What Makes a Video Good?
Last September I put up a blog post on this video called Out of Thin Air, which was in reference to the two day time span that particular video was shot in to make a publishing deadline. There was a national tv programme on Belvoir Castle scheduled to broadcast on the subject of Capability Brown and one of the shoot guests, a marketing man, suggested to the Duchess that she capitalise on the exposure and interest it would generate by getting a video up on the Guns and Pegs website to promote the Belvoir shoot.
Well, that was a good call. They just had a record year at the Belvoir shoot.
I can only say the video probably had something to do with that. All I have are the video’s analytics look at. I’m not able to do any correlation to Belvoir’s income at this time.
But at this writing I can say it’s one of my best performing videos with over 8500 views in 4 months at this writing.
Analytics suggest that the views are all the result of organic search and/or YouTube suggesting the video to a similar search. Besides, I know for a fact that there was no marketing done for this video aside from my titling and tagging it and their putting it onto the Guns and Pegs website where it plays back in a very small window.
Most of my views are usually from the U.S., even though I live in England. This one, however, has most of the views coming from the UK.
The retention rate (what percentage of the entire video that people watch) is quite high at 72%. However, 60% of the people watch it straight through practically to the end. It starts to drop off as the Duchess does the ‘come to Belvoir’ call to arms in the last few seconds of the video. You can see the analytics screen grabs at the bottom of this post.
It’s my feeling that the reason they drop off at the end is they’re already sold, which is what should happen. A ‘call to arms’ is there to tell people what to do and who to contact. In the case of Belvoir, that may be a moot point. Everyone in the shoot world knows about Belvoir Castle and knows how to contact.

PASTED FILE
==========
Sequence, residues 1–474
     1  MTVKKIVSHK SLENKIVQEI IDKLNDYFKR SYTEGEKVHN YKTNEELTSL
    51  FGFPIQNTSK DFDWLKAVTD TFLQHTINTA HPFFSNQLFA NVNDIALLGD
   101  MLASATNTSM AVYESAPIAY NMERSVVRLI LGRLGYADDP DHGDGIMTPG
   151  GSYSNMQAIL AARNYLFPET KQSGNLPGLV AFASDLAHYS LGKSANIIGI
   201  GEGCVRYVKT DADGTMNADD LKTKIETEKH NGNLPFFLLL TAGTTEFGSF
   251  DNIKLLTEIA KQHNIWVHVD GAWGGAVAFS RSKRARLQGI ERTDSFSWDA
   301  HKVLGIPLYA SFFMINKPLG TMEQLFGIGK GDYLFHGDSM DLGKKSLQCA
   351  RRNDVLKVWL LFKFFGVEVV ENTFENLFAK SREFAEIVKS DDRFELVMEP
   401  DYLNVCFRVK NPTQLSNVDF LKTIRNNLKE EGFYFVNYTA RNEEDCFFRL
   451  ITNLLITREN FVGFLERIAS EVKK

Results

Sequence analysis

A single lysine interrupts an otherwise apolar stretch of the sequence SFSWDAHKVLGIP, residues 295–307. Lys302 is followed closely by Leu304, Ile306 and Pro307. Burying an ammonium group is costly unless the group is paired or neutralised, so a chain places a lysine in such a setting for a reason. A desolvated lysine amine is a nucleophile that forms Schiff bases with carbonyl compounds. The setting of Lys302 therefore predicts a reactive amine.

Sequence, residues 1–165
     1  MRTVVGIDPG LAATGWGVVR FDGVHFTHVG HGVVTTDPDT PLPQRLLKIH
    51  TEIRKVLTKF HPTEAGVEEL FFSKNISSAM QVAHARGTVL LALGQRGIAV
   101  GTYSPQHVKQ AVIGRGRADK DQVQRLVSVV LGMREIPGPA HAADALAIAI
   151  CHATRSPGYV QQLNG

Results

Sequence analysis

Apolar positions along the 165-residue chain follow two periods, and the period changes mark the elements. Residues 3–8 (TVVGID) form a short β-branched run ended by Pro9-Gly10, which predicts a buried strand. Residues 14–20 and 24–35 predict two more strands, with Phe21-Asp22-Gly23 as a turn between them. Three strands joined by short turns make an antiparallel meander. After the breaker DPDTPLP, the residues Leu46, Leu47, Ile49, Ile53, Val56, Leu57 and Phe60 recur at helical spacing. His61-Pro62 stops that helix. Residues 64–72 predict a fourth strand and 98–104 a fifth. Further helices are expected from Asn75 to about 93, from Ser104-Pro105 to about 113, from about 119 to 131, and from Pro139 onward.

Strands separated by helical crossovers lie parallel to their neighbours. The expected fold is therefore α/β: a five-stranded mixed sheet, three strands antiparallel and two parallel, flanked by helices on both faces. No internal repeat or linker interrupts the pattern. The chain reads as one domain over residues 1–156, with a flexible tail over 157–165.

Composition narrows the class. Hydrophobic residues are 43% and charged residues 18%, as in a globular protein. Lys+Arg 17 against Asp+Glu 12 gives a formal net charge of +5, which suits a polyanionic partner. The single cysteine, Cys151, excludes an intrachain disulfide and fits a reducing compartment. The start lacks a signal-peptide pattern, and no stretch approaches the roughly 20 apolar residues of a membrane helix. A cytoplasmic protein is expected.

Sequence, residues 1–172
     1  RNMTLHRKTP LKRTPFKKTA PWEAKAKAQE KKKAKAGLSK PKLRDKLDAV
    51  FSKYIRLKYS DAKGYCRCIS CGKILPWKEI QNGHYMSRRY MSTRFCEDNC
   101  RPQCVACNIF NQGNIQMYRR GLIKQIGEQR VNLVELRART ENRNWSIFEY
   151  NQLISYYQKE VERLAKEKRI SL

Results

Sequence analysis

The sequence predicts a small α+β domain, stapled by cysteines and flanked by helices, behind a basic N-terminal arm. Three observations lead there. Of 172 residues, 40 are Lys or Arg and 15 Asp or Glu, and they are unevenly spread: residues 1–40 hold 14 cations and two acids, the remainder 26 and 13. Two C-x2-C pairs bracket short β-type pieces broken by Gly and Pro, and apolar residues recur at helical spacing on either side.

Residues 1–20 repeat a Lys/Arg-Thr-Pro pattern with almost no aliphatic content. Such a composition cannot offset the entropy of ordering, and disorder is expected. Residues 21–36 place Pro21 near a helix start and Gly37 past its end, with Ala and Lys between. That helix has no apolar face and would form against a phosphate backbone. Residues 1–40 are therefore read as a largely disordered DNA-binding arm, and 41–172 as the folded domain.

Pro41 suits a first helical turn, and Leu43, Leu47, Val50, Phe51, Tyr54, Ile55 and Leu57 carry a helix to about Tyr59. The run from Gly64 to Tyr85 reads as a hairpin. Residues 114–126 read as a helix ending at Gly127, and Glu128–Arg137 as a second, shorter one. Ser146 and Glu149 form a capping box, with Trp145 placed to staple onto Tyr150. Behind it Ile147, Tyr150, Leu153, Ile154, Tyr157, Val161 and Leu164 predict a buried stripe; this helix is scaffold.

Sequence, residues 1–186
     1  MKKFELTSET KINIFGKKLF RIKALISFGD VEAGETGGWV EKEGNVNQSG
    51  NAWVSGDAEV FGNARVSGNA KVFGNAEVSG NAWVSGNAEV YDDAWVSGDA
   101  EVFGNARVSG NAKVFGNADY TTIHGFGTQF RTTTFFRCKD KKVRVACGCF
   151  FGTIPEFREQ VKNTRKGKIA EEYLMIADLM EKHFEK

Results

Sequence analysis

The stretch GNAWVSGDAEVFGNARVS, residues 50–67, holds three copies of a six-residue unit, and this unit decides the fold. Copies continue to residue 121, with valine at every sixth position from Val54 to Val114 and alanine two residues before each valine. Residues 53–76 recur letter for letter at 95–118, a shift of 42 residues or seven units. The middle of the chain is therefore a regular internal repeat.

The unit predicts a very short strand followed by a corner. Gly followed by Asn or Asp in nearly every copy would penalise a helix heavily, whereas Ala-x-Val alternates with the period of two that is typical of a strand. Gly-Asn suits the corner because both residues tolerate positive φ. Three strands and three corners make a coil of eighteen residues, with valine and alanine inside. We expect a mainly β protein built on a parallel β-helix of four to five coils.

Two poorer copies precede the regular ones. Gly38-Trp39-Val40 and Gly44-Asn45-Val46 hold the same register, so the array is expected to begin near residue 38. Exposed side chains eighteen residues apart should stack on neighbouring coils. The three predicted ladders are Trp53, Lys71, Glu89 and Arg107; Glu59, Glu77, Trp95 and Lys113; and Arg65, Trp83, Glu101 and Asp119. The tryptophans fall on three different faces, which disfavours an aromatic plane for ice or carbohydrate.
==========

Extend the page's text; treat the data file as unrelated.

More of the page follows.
Of course not everyone watching this can afford to shoot at Belvoir, but it’s a good chance that those who can will now want to if they haven’t already.
So what makes this a good video?
The complete answer is something I’ve written about in detail in the book Run ‘n Gun Videography–The Lone Shooter’s Survival Guide, about £5 on Amazon.
Is it a perfect video? No. Shot over two days and edited over a couple more had its compromises. Fortunately I had a few shots done last year I was able to pull into the edit that added to the ‘all-seasons, all-weather’ aspect.
Is it the music? I think that had a lot to do with it and I chose it very carefully. It’s driving music with a good degree of excitement and feeling of success. But good music with inappropriate or bad shots and sloppy editing would not have the same result.
You’ll notice that even though this is stock music, the shots are edited to the music making it seem more like the music was scored for the video. It’s integrated and it supports and forwards the message. That’s what music is supposed to do. It’s not something you just tack on at the end. Again, this is something covered in detail in the book. You also find posts in this blog on the subject under ‘Supplements to the Book’.
In short, the reason it is good is that it does its job of getting the message across with impact and interest and every editing decision made was done to achieve that in the best possible way with the material available.